Community Broadband Media Roundup - April 4


Government, Google to help San Francisco improve its Internet connectivity by Jason Axelrod, American City & County Magazine



Business depends on high-speed Internet by Sarah Lucas, Traverse City Record Eagle


New York

County, federal government to collaborate on local broadband deployments by Phil Goldstein, State Tech Magazine

In an interview with StateTech, Terrell said NACo “really wants to play the role of a facilitator and make sure that county governments have a seat at the table” as more local governments pursue improved broadband access. NACo wants to serve as a conduit between the federal and local governments, he said. NACo will work with NTIA in the next few weeks to create a webinar for county leaders to inform them about the Community Connectivity Initiative and how to work with NTIA directly.


North Carolina

RFP issues as part of Triad Regional Broadband initiative by City of Greensboro, North Carolina



Thunder Thornton finds way to bring "gig" to mountaintop development at Kimball by The Chattanoogan

Mr. Thornton said he was successful by going just across state lines to work and connect with North Alabama Electric Cooperative, along with assistance from Tennessee-based Sequachee Valley Electric Cooperative, and eventually bringing “the Gig” up 2,000 feet in elevation to Jasper Highlands’ mountaintop residents. 

Developer bypasses restrictions on rural Internet expansion by Chloe Morrison,



Google Fiber to launch in Salt Lake City by year's end by Karl Bode, DSL Reports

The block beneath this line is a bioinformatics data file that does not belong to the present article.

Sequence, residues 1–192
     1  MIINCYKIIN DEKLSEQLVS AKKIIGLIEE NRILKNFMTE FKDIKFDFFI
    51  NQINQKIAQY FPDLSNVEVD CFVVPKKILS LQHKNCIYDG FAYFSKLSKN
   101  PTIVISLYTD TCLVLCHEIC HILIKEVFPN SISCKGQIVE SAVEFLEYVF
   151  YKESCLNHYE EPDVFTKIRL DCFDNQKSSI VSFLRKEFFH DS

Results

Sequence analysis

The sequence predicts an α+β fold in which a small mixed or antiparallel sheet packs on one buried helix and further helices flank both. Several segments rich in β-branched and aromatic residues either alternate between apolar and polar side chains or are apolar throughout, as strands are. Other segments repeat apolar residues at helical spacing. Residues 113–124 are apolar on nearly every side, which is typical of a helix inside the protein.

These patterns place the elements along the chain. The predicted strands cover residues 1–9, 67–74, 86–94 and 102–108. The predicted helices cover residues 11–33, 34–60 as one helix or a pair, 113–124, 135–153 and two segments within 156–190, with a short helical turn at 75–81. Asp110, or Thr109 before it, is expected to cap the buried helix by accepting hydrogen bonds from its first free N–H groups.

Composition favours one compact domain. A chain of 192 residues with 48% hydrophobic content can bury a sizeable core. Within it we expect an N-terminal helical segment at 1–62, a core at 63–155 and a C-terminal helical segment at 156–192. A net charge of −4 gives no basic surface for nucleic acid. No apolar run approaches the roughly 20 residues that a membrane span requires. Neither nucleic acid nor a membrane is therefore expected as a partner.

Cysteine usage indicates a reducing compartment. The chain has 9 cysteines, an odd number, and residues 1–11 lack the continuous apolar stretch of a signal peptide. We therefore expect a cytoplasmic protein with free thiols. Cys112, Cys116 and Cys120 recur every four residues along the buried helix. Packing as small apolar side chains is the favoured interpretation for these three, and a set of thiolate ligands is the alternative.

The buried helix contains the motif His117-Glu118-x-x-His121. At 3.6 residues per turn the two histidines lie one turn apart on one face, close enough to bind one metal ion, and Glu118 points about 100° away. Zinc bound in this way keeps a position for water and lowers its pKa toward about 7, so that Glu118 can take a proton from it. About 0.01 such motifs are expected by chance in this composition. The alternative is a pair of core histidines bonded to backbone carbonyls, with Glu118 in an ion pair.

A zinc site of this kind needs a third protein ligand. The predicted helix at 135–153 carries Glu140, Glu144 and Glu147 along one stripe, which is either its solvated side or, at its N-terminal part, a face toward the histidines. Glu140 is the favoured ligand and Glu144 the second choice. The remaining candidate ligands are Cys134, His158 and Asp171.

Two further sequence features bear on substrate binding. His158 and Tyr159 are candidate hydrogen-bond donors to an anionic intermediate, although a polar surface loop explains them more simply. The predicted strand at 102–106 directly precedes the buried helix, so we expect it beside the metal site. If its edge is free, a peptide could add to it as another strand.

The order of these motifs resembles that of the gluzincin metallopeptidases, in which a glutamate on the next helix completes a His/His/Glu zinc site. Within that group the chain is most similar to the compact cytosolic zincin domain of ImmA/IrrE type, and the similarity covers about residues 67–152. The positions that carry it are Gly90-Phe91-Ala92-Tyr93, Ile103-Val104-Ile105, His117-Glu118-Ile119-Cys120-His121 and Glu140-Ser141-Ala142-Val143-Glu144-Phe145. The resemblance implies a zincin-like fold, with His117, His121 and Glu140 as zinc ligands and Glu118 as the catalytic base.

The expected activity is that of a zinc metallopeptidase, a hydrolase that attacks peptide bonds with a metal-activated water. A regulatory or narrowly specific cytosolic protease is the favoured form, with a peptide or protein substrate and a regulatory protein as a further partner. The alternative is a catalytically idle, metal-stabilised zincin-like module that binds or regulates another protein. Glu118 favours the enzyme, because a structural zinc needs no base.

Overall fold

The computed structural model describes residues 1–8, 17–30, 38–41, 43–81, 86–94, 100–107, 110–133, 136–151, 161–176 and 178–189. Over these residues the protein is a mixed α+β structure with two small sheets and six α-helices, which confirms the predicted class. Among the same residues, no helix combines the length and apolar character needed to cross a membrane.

The future of owning the Internet by Nathan Schneider, Vice

Many of us have no real choice: It's either spotty service from a gigantic monopoly or nothing. The fee structure reads like a ransom note; customer support makes the seeker feel like the one bound and gagged in a car trunk. We usually think of consumer choice as a matter of isolated individuals transacting with faceless companies and trying to do so cleverly; too rarely do we consider the choices we can create for one another.

Courts get broadband service issue by Brian Graves, Cleveland Daily Banner

Zero-rating by major ISPs "threatens open Internet," advocates tell FCC by Jon Brodkin, ArsTechnica

Zero-rating plans, which exempt certain content from monthly data caps, "enable ISPs to pick winners and losers online or create new tolls for websites and applications," said a letter sent to FCC Chairman Tom Wheeler. "As a result, they present a serious threat to the Open Internet: they distort competition, thwart innovation, threaten free speech, and restrict consumer choice—all harms the rules were meant to prevent."

Broadband subsidies important but more data needed to inform FCC policy decisions by Eszter Hargittai, Huffington Post

FCC privacy proposal troubles broadband Internet providers by John K. Higgins, E-Commerce Times

Lifeline vote could help millions of poor families get online by Tanzina Vega, WPTZ News

This bill would make it easier to deal with Internet and Cable TV providers by Ethan Woolf-Mann, Time Money